Vesicovaginal fistula (VVF) and ureterovaginal fistulas (UVF) are the most troublesome complications of obstetric trauma and pelvic surgery. The overall incidence of urinary tract injuries during pelvic surgery is 0.33%. Abdominal hysterectomy is the most common surgery complicating urogynecological injury (1). The most common indication for urogynecological injury is benign leiomyoma. There are few case reports of VVFs caused by vaginal foreign bodies, direct trauma from masturbation or road traffic accidents, bladder calculi, forgotten vaginal pessaries, endometriosis, and infections such as tuberculosis, schistosomiasis, syphilis, lymphogranuloma venereum, and idiopathic congenital diseases (2). Papers on intravesical herniation of small bowel after bladder perforations and ovarian dermoid cyst perforating into the urinary bladder are noted case reports (3). Intravesical herniation of tubal fimbria through vesicovaginal fistula associated with ureterovaginal fistula is unreported and undescribed in literature to date.
A 24 year old gravida 2 para 2 female presented to our tertiary referral center (Grant Government Medical College and Sir JJ Group of Hospitals Mumbai, India) for the first time, in the year 2021 with complaints of continuous incontinence for 18 months. She underwent abdominal hysterectomy for benign leiomyoma nearly 18 months ago in a peripheral part of western India. Prior to this, the patient had 2 normal vaginal deliveries 2 and 4 years ago. The patient developed continuous incontinence immediately after removal of foley catheter on the 2nd postoperative day. The patient was discharged on the 8th postoperative day without any wound infection on surgical site.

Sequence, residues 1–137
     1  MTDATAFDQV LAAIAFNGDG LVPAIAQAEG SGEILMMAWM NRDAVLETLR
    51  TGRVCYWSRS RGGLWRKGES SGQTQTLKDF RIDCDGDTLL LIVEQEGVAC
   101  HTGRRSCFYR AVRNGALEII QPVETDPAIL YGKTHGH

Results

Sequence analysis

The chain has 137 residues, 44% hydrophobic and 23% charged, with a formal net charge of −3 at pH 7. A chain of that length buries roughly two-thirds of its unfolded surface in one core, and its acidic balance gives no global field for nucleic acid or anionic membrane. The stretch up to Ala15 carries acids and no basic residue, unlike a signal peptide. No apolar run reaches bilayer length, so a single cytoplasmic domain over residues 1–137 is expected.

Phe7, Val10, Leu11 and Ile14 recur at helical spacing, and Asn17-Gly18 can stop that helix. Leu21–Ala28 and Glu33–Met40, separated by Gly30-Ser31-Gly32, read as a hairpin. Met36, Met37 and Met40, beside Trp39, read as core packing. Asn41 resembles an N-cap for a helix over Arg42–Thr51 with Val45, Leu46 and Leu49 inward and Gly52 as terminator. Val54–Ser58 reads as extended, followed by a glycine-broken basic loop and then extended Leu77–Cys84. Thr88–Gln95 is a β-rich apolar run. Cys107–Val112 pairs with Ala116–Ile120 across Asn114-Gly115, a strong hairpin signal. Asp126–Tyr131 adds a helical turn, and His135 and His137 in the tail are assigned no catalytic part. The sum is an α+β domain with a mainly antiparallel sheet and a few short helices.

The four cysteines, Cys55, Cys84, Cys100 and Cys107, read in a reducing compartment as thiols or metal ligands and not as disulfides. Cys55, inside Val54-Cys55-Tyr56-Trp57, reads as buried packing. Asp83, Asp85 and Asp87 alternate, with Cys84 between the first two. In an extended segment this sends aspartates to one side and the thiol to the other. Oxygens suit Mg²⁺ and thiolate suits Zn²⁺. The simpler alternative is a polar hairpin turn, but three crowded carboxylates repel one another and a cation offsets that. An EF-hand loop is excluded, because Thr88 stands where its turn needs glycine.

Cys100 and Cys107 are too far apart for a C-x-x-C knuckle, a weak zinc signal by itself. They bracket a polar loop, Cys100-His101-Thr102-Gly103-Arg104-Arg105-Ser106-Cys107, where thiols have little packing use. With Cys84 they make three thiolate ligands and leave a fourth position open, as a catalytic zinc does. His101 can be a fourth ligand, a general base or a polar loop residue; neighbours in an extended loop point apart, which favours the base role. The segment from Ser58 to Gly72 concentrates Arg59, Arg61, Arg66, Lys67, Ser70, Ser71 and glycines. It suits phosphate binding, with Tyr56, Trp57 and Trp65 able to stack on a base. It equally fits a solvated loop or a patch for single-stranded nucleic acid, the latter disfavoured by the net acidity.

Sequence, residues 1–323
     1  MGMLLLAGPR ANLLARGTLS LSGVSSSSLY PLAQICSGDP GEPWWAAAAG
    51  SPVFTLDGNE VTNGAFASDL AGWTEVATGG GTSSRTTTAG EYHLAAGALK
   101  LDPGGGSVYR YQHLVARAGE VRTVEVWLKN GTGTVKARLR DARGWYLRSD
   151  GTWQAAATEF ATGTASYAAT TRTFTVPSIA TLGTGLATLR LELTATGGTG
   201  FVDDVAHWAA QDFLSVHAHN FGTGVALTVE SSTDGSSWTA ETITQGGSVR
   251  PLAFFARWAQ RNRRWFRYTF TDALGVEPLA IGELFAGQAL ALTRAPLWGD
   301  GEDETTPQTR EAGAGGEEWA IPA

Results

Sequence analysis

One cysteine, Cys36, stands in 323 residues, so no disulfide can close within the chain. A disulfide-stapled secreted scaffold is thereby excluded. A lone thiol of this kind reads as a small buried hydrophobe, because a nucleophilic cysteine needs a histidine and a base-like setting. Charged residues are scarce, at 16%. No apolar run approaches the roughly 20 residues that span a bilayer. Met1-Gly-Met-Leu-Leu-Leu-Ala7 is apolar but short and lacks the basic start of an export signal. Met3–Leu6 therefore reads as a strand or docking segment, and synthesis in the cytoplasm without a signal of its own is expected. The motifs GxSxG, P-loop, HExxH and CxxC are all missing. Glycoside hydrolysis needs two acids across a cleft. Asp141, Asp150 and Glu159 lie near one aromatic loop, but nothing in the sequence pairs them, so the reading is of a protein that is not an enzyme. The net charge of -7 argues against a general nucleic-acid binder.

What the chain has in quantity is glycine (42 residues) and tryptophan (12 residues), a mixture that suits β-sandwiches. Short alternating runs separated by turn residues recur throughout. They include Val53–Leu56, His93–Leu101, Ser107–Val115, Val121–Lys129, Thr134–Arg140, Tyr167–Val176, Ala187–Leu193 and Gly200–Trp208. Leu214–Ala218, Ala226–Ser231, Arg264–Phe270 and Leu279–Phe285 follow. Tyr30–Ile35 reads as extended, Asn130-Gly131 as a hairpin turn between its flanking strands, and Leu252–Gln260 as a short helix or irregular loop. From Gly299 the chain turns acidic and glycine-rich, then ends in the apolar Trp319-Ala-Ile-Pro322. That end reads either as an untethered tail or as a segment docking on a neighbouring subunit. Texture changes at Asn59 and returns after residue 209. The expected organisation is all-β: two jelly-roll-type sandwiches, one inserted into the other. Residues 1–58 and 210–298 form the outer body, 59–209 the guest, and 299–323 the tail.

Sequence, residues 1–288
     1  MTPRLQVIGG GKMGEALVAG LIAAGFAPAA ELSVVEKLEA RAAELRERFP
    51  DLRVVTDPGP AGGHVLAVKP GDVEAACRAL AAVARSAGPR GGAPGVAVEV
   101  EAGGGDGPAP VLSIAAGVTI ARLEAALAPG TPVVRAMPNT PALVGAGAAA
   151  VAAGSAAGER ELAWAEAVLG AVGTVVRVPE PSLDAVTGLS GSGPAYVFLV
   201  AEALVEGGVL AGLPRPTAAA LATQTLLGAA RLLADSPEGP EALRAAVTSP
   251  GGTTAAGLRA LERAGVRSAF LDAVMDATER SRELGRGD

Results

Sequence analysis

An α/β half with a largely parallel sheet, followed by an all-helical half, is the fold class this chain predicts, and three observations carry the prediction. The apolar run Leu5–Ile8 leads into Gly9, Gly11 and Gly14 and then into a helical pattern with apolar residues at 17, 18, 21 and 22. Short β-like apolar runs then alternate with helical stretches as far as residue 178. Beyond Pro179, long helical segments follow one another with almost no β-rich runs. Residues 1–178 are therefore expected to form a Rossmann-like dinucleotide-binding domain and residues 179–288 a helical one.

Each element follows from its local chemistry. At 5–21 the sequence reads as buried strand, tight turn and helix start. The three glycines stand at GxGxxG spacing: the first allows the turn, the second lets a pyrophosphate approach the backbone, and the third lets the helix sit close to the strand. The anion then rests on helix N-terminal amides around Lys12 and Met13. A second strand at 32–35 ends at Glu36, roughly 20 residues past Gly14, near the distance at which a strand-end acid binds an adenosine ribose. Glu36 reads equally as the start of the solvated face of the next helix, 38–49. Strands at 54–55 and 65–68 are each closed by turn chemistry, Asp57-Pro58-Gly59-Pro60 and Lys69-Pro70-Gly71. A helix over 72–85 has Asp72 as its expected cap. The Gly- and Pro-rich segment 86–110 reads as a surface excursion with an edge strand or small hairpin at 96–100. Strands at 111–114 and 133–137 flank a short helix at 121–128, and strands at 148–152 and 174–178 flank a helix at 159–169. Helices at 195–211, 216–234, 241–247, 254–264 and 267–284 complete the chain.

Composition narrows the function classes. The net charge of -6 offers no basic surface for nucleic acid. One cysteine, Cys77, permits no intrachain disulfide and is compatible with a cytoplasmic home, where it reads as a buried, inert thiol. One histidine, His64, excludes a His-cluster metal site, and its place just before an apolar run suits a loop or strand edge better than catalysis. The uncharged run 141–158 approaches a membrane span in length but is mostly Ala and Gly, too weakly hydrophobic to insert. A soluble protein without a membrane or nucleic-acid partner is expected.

The patient was referred for the management of VVF which was diagnosed elsewhere. Her physical examination and laboratory investigations were normal. An ultrasonography revealed left mild hydroureteronephrosis with an empty bladder. The contrast enhanced computed tomography (CECT) scan of the abdomen and pelvis revealed contrast extravasation from the left side of the posterior wall of urinary bladder into the vaginal vault of tract (1x2x5 cm) and a right ovarian cyst which was stuck to the sutured vaginal vault (Figure 1).
The examination under anaesthesia with cystoscopy and vaginal/speculum findings revealed a papillary frond like mass protruding intravesically from VVF site which was free from the edges of fistulous opening all around. Left ureteric orifice couldn't be visualized (Figure 2).
Considering the CT scan and cystoscopic findings, the patient was electively planned for modified O'Conners VVF repair with left ureteric reimplantation. On exploratory laparotomy, the right ovarian cyst was densely adhered near the left vaginal vault apex which was located near the VVF site with right fimbrial herniation into the bladder through the VVF tract (Figure 2). This fimbrial herniation was mimicking bladder mass on preoperative cystoscopy. The ovary was enlarged in size with cystic consistency. The tube and peritoneum were normal. The ovary was dissected free from the bladder wall. The ovary seemed to contain only a small volume of normal tissue, so a right salpingo-oophorectomy was done. Left ureteric reimplantation was done over DJ stent. VVF tract was excised with double layer closure done on the bladder and vaginal side using 3/0 vicryl and omentum was interposed between the two. The right ureteric orifice was localized and found to be normal.